John A. Hrones, 87, of Sarasota, FL and Jaffrey, NH, an alumnus and former MIT faculty member, died June 14 of brain cancer.
After graduating from MIT in 1934, he was an instructor in mechanical engineering while working toward his master's degree, then became an assistant professor in 1941 and received the PhD in 1942.
During World War II, Dr. Hrones worked on the automatic positioning of gun mounts at the MIT Servo-mechanisms Laboratory. In 1944, he joined the Draper Instrumentation Laboratory to work on the A-1 bombsight for the Army Air Corps. He helped create the DEW line to detect enemy planes flying toward the US over Canada and played a role in designing an automatic control device for a new aircraft engine for Chrysler Corp. After the war, he helped develop the first power brakes for Chrysler in the 1950s.
Dr. Hrones became an associate professor in 1945 and full professor in 1948. He headed the Machine Design Division, and was director of the Dynamic Analysis and Control Laboratory. He was named provost at Case Institute in 1964 and served in that capacity at Case-Western Reserve from 1967-76.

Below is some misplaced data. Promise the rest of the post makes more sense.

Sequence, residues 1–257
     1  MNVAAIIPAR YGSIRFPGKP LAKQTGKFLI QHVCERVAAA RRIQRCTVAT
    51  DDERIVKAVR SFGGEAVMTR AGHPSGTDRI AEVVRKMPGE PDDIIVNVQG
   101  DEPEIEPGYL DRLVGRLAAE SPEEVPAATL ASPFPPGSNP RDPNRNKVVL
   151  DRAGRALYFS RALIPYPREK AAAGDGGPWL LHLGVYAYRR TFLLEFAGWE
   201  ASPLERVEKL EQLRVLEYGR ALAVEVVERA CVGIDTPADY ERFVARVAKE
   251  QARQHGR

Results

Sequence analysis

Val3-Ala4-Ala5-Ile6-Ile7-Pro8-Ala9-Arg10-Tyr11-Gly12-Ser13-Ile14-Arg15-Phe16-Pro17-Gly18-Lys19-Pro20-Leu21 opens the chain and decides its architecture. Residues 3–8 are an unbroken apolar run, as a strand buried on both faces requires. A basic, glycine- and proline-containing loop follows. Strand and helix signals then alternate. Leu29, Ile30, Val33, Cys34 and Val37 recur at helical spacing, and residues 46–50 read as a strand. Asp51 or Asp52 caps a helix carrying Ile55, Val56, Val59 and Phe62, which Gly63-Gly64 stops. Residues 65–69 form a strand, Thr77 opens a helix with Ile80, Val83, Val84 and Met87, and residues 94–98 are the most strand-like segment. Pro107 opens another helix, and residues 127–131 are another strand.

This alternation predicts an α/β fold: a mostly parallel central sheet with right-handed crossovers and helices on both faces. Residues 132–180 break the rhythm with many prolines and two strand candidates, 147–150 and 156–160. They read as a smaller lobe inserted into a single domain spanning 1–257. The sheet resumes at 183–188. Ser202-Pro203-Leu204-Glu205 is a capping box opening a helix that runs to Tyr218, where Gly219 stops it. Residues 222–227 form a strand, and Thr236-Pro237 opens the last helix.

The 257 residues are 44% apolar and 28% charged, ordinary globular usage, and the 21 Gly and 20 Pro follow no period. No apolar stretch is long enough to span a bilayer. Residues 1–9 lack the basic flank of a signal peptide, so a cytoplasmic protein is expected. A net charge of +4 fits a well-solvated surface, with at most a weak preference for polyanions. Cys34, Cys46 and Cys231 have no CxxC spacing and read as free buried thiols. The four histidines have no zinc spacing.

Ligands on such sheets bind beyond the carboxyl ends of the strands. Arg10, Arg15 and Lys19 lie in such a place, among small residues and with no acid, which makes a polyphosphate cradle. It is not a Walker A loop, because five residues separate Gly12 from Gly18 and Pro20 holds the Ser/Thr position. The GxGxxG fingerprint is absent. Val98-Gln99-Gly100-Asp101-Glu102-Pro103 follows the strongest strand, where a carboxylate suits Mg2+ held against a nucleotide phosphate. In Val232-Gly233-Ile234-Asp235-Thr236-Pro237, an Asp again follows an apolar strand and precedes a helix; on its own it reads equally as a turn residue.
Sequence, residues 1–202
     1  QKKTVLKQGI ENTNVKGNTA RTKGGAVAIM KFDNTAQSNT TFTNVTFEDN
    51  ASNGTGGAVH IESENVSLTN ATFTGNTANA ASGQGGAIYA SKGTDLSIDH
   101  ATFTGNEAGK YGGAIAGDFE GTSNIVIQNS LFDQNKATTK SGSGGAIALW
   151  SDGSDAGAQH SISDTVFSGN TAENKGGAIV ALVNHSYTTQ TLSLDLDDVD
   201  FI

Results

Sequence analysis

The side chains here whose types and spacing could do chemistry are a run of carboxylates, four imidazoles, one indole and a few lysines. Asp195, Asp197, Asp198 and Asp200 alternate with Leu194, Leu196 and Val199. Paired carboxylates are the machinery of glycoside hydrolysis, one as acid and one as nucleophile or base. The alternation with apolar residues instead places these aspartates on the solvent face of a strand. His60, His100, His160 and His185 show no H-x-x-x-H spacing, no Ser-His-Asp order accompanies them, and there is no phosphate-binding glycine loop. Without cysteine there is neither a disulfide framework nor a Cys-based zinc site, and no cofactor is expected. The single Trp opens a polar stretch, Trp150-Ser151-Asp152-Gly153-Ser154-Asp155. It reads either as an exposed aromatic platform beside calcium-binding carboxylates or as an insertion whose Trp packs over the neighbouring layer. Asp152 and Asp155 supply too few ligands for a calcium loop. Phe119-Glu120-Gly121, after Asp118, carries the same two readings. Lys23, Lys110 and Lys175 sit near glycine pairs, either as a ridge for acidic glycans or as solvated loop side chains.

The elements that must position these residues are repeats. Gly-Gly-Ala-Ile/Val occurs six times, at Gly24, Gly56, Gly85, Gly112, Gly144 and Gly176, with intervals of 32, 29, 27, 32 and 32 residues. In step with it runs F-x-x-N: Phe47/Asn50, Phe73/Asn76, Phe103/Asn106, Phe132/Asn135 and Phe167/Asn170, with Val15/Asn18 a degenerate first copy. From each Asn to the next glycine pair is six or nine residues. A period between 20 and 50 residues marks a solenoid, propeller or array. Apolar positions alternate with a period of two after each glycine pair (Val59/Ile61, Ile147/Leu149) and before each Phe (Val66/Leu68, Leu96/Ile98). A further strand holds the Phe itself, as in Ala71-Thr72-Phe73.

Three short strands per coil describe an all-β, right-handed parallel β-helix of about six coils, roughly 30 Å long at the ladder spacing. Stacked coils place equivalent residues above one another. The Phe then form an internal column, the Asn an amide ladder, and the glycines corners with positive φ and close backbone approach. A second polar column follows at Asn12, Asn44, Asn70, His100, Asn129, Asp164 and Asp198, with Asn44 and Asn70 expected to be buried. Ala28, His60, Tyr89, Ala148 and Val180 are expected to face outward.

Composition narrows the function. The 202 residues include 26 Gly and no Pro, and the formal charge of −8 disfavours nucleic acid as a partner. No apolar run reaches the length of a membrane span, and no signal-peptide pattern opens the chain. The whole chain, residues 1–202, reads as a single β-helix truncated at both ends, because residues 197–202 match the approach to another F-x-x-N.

Professor Hrones was a member of the MIT Alumni Club of Southwest Florida for more than 20 years and served as its president from 1985-91 and 1993-99. He also was president of the Class of 1934 from 1989-99 and a member of the Alumni Association Board of Directors from 1993-95. He was awarded the Bronze Beaver award in 1992, the highest honor bestowed by the Alumni Association.
Professor Hrones is survived by two daughters, Janet Roach of Waldron Island, WA, and Mary Parsons of Ann Arbor, MI; two sons, Stephen of Concord and John Anthony Jr. of Needham; seven grandchildren and two great-grandchildren. His wife of 53 years, the former Margaret Baylis, died in 1991.
A memorial service will be held on August 12 at 2pm at the First Church in Jaffrey Center, NH. Memorial contributions may be made to the John Hrones Scholarship Fund, MIT Alumni Association, 77 Massachusetts Ave., Cambridge, MA 02139. The fund will support scholarships for needy students from Boston.
A version of this article appeared in MIT Tech Talk on August 9, 2000.